It's hard to question the most valuable company in the world's product vision, but I'm going to do just that.
Perhaps the most widely discussed tech event this month was Apple's (NASDAQ:AAPL) March 21 product presentation, at which the tech giant debuted a number of product changes, most notably its new 4-inch iPhone SE and updated iPad Pro.
In a technical sense, Apple's latest devices are certainly impressive, and both its new iPhone and iPad will almost assuredly help Apple sell more devices. However, in connecting Apple's most recent product launch with its overall product roadmap in recent years, I find myself wondering about something that, if true, could spell trouble for Apple and its investors: Has Apple's product development lost its revolutionary touch?
Still thinking different?
Let's kick-start this discussion with a question: What was the last product Apple produced that, in your view, was an appreciable leap forward in its category?
Apple is a company whose brand identity, for better or worse, is built upon revolution, not evolution. However, since the iPad's launch in 2010, there's a legitimate case to be made that no new Apple product has been meaningfully different from its predecessors. Even the Apple Watch -- though I remain quite bullish on its long-term potential -- is in many ways simply a wrist-sized iPod Touch. To be sure, each successive iPhone, iPad, and Mac upgrade ushers in incremental improvements across software, hardware, and design. To be clear, the overall direction is positive, and consistently so. However, they pace seems frustratingly incremental for a company that has wowed the world with such frequency.
Moreover, which of Apple's recent major product updates wasn't in part shaped by the industry, as opposed to Apple's historically independent approach to product design? The screen size increase for the iPhone 6 was pretty clearly influenced by the success of larger Android devices from Samsung, HTC, and others. The larger screen size and addition of a stylus in the iPad Pro last year appeared in part motivated by Microsoft's Surface Pro. Correct me if I'm wrong, but Apple at its best didn't react to the product machinations of competitors, which has me partially concerned.
A more nuanced take
Though one can't simply compare the past to the present, I find myself continuing to contrast Apple's recent product moves to the old story about Steve Jobs' product overhaul when he returned to Apple in the 1997. Here's Jobs talking about the renewed simplicity and focus that led to Apple's eventual string of product hits.
Apple's product portfolio remains far less complicated than the convoluted jumble Jobs described in the video. However, in recent years, the trend in Apple products' evolution has been one of broadening its offerings within each of its current platforms. This isn't necessarily a negative either. In fact, from a financial perspective, Apple's increasingly diverse suite of products is simply good business.
Apple opened the iPhone section of its March event by providing a critical piece of context. In the past year, the company sold 30 million of its 4-inch iPhones. What's more, these smaller models play particularly well among first-time iPhone buyers, particularly in key emerging markets like China. This could well reflect Apple's long-standing tendency to discount its older handsets. Last year, with its move to larger-screened flagship models, Apple's cheapest iPhones were also its smallest. Now, with updated hardware in a smaller device at a $399 starting price, it seems the new iPhone SE could become a powerful tool to draw ever-greater numbers of users into Apple's ecosystem.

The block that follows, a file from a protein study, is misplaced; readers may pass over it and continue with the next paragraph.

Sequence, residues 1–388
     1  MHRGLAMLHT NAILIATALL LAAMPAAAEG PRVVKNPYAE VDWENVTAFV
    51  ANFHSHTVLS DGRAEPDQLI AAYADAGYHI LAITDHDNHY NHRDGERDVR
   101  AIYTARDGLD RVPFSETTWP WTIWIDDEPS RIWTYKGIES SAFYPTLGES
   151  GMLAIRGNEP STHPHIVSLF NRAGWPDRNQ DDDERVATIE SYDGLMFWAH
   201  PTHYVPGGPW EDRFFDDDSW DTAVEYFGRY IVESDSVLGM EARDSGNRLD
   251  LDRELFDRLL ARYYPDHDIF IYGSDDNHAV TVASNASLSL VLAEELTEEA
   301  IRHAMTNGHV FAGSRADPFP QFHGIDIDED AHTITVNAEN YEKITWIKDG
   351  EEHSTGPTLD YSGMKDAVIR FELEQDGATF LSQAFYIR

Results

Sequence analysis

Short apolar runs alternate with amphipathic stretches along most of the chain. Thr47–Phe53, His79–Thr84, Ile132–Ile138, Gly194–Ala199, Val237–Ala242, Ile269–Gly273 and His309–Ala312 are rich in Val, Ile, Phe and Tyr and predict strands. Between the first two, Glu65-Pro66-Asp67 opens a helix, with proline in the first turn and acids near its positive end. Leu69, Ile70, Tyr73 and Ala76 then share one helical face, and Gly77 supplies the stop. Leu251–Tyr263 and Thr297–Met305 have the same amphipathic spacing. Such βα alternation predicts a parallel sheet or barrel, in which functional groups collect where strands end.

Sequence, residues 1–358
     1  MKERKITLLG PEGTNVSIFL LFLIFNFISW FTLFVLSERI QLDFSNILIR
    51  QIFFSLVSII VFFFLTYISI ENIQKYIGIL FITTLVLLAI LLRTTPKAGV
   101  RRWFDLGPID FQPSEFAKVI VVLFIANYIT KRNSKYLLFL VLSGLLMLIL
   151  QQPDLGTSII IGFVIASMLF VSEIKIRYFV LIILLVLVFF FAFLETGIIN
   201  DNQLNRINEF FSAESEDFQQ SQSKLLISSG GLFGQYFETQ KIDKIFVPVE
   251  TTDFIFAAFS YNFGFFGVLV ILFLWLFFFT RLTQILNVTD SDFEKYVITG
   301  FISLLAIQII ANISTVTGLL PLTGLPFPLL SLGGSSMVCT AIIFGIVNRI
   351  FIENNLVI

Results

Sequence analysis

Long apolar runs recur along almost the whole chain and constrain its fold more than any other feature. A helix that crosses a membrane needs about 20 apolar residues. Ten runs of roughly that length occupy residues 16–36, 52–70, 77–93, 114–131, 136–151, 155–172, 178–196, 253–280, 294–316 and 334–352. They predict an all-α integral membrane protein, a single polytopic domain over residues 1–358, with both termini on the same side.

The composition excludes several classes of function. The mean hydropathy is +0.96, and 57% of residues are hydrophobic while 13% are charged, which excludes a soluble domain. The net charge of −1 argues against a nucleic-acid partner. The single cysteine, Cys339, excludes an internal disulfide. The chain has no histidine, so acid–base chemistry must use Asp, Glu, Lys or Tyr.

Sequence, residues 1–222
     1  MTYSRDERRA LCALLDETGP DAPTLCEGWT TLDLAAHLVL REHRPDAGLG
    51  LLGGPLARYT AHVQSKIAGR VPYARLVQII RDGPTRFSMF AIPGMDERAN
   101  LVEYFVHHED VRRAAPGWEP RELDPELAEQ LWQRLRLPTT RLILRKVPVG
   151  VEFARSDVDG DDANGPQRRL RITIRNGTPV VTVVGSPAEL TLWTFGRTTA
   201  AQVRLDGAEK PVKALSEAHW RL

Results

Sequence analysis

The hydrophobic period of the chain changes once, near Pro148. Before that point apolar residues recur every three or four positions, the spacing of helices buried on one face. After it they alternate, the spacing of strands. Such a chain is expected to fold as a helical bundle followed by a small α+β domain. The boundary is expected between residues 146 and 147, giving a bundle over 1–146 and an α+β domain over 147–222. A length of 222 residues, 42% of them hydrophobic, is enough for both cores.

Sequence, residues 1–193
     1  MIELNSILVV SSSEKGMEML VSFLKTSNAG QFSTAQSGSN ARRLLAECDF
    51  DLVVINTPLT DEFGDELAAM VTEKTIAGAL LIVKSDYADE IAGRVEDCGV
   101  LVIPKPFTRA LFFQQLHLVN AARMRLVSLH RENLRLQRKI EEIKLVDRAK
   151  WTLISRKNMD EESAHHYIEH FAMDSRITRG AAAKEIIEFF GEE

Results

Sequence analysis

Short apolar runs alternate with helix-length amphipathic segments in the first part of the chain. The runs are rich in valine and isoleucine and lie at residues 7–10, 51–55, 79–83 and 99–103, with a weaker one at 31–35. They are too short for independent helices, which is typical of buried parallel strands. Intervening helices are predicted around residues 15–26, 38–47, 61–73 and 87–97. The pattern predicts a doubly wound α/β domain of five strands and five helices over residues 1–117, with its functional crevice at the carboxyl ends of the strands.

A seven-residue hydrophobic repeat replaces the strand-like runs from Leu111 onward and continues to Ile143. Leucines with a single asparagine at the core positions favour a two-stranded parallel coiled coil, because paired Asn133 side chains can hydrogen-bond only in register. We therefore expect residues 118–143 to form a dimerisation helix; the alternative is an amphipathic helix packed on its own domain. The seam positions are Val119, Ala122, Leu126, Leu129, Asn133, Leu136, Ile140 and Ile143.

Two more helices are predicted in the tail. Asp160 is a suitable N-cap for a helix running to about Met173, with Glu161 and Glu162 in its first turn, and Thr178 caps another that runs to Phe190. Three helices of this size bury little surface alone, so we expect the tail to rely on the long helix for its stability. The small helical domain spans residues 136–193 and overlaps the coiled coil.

More broadly, this shift speaks to the unprecedented growth challenges Apple must navigate. More so than at any time in its past, Apple must notch massive wins to deliver incremental growth to its shareholders. Last year, Apple produced roughly $234 billion in sales. To grow its sales just 10% in 2016, Apple will need to drive $23.4 billion in fresh sales. However, just 10 years ago, Apple produced $24 billion in total annual sales. Such is Apple's current scope that maintaining even moderate growth requires once unimaginable success year-in and year-out. Seen through this lens, Apple's diversifying its product portfolio to tap into various pockets of opportunity seems an understandable tactic.
What's more, with potentially revolutionary products like its Project Titan automotive initiative or its HomeKit smart-home hub -- an area I feel Apple could be well-positioned to dominate -- the firm clearly has its eyes trained on shaping the future with potentially revolutionary products. Given its longtime penchant for secrecy, Apple doesn't prioritize broadcasting these efforts.
In the end, I'm more interested here in opening the conversation than in making a strong argument one way or another on this subject. However, as someone who has followed the goings-on at the company daily for the more than five years, this subtle, Cook-era shift has come into sharper focus in recent years. Would the company have followed a similar course under the legendary Jobs? That's anyone's guess. However, though Apple's March product event was without question more derivative than watershed, it also spoke to the increased complexity that comes with being one of the world's largest companies.
Andrew Tonner owns shares of Apple. The Motley Fool owns shares of and recommends Apple. The Motley Fool owns shares of Microsoft. Try any of our Foolish newsletter services free for 30 days. We Fools may not all hold the same opinions, but we all believe that considering a diverse range of insights makes us better investors. The Motley Fool has a disclosure policy.